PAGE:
With Songs for Quintet, plenty has changed...but plenty has also remained the same. The quintet Wheeler has chosen for the December, 2013 date recorded at Abbey Road Studios in London—the infirmed Wheeler likely unable to travel much further to record in any of the studios usually chosen by ECM founder/producer Manfred Eicher and Steve Lake (who, uncharacteristically, are credited as co-producers)—is a set of friends, all of whom he's been recording with for decades with the exception of drummer Martin France. Still, France is no stranger to Wheeler and the trumpeter's circles, having been a member of John Taylor's trio since 2005 and appearing on the trumpeter's last two Cam Jazz recordings (2012's large ensemble The Long Waiting (2012) and 2013's appropriately titled sextet date Six For Six). France will also be no stranger to longtime label followers for his work in the unfairly overlooked group First House on 1985's Eréndira and 1989's Cantilena.

Saxophonist Stan Sulzmann goes back much further, playing on Wheeler albums ranging from the lower-profile Kayak (Ah Um, 1992) to the more internationally acclaimed Music for Large & Small Ensemble. John Parricelli—a busy session guitarist who shows up in the jazz world all- too-infrequently, and whose own Alba (Provocateur, 2000) is an album begging for a follow-up (and on which France appears as another example of theUK's close-knit jazz community)—first appeared on record with Wheeler on 1999's A Long Time Ago (the trumpeter's final recording for the label until now) but proved even more impressive on the expat Canadian trumpeter's Dream Sequence (Psi, 2003). Bassist Chris Laurence has been one of Wheeler's primary go-to bassists since Kayak, and whose own New View (Basho, 2007) not only featured Parricelli and France, but included a Wheeler tune, "Sly Eyes," which is reprised to great effect on Songs for Quintet.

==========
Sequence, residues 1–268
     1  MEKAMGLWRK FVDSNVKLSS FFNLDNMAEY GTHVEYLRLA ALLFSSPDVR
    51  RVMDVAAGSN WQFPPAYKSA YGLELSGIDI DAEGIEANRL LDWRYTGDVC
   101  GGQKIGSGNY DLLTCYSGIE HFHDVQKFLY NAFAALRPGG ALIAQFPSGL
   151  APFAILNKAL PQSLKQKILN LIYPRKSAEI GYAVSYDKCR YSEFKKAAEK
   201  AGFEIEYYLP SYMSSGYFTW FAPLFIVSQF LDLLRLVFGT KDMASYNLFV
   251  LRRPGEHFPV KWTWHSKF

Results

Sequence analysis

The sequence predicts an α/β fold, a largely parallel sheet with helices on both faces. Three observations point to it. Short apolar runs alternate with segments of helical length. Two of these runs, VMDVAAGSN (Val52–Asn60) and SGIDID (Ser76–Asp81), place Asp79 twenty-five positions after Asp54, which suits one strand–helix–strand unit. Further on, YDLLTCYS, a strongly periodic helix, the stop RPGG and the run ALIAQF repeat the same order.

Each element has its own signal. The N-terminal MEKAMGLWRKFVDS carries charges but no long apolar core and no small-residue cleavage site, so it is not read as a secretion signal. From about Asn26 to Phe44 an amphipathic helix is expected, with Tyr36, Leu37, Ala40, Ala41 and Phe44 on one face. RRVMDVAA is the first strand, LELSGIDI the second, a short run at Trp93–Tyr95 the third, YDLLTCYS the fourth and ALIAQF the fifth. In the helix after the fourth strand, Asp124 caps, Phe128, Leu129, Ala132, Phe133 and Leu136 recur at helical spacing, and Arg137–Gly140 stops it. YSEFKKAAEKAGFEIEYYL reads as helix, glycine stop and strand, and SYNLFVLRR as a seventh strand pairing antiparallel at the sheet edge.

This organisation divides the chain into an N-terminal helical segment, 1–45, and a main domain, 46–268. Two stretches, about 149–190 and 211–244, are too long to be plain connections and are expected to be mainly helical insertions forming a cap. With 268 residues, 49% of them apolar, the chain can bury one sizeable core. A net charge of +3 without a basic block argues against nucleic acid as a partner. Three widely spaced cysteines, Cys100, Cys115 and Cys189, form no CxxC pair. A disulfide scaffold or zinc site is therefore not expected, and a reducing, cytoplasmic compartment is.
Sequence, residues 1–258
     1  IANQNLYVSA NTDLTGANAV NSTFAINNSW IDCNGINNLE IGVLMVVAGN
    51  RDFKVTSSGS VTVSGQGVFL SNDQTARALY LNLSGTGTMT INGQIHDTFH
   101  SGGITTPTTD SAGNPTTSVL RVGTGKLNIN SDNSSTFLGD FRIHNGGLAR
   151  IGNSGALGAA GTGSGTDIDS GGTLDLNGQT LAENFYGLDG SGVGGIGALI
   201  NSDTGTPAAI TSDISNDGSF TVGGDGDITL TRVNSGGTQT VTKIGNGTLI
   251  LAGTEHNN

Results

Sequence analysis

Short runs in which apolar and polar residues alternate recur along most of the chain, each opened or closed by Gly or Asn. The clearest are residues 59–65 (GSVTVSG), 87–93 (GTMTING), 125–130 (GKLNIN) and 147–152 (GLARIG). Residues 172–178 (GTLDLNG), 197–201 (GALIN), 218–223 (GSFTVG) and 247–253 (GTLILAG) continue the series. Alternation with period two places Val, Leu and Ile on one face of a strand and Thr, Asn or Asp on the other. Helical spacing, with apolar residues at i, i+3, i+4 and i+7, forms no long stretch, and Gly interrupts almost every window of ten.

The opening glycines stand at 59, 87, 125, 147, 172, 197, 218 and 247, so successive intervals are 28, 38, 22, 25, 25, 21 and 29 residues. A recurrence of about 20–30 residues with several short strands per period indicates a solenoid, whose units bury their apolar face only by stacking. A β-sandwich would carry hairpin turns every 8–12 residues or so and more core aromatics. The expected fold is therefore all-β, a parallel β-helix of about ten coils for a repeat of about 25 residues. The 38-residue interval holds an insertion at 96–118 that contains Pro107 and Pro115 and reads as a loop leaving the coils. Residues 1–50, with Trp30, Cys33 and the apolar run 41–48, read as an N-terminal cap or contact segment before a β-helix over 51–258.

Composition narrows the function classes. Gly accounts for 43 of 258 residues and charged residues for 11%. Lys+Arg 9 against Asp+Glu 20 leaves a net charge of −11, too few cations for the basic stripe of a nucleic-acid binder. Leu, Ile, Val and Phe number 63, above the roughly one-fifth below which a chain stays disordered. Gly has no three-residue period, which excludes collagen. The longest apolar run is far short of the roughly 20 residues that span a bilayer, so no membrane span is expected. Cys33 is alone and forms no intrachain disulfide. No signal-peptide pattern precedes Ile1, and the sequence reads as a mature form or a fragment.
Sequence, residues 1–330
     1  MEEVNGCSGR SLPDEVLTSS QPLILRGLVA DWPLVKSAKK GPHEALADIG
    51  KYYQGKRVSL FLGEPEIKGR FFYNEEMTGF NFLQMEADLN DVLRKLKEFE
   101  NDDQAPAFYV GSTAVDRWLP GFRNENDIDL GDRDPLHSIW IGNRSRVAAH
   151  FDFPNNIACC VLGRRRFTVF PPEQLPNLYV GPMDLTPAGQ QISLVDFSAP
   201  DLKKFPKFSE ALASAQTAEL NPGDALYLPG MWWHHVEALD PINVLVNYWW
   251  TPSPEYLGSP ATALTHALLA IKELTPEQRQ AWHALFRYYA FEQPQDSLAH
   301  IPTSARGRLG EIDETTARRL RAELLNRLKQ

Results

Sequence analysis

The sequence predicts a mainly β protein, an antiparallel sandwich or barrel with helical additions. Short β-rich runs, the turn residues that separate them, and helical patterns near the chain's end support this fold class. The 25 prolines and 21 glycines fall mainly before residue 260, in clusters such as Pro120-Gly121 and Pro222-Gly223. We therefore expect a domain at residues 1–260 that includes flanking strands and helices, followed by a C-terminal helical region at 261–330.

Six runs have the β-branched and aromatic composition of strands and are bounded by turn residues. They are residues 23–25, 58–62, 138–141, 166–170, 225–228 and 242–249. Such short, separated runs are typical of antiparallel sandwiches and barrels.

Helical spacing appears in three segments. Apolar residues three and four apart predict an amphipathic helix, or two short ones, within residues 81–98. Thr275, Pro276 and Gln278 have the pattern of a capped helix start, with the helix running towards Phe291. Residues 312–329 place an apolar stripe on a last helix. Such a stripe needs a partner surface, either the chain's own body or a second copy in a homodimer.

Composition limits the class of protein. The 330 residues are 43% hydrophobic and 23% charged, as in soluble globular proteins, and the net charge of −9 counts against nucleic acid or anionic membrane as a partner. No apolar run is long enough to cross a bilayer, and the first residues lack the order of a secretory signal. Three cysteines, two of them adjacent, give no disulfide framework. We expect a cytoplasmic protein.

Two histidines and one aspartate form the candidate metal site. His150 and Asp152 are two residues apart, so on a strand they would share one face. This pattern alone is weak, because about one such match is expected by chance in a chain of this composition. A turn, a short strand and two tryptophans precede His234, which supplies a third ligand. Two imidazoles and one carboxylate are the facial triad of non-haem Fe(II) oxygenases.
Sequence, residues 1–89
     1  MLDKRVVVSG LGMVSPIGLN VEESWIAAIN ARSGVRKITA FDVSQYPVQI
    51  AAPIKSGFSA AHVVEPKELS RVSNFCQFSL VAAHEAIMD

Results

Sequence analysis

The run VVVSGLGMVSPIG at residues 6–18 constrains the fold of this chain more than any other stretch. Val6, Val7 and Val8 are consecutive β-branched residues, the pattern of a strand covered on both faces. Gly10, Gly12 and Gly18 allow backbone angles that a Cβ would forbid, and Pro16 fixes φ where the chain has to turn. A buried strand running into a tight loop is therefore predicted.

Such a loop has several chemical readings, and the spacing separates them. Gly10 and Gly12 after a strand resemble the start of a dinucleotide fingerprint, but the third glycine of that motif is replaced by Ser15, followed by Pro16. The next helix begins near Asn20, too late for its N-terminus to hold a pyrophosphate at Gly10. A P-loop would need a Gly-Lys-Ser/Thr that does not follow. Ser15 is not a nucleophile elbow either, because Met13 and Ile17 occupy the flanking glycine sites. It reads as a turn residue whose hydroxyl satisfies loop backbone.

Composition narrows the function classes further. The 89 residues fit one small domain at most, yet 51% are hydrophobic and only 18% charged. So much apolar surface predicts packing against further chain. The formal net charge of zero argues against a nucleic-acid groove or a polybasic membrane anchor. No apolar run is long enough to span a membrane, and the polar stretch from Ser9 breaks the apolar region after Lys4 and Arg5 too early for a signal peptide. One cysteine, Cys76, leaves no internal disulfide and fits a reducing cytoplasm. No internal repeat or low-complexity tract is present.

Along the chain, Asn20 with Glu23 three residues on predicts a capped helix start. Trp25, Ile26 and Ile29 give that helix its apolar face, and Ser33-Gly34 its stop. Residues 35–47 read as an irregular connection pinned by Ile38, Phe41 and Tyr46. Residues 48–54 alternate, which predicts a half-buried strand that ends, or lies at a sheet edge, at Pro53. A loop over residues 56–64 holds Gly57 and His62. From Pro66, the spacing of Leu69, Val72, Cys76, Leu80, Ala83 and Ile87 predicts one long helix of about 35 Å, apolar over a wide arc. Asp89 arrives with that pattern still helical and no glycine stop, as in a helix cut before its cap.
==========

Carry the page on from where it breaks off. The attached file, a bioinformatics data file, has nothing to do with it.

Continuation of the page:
And so, with a collection of musicians who have engaged and interacted both with the trumpeter (who sticks to the warmer, mellower flugelhorn here) and in other contexts, Wheeler had about as simpatico a quintet as he was likely to find, across a 52- minute set that features a number of previously performed compositions. The ambling ballad "The Long Waiting" was both the title track to the 2012 big band recording and featured on the more intimate Six for Six. The more eminently propulsive "Canter No. 1," representing some of Songs for Quintet's fiercest moments while still remaining somehow gentle and restrained, was heard previously in multiple contexts: on Wheeler's Cam Jazz duo debut with John Taylor, Where Do We Go From Here? (2004); in a medley with "Old Ballad" on Kayak; on the atypical trio date with Taylor and electric bassist Steve Swallow, One of Many (Cam Jazz, 2011); and, finally, on The Long Waiting. The closing, particularly drum- driven "Nonetheless" debuted on 1995's All the More (Soul Note, 1997) before being reprised on one of Wheeler's particular career milestones, the chamber-like Angel Song, before ultimately reappearing just a few years later on Dream Sequence.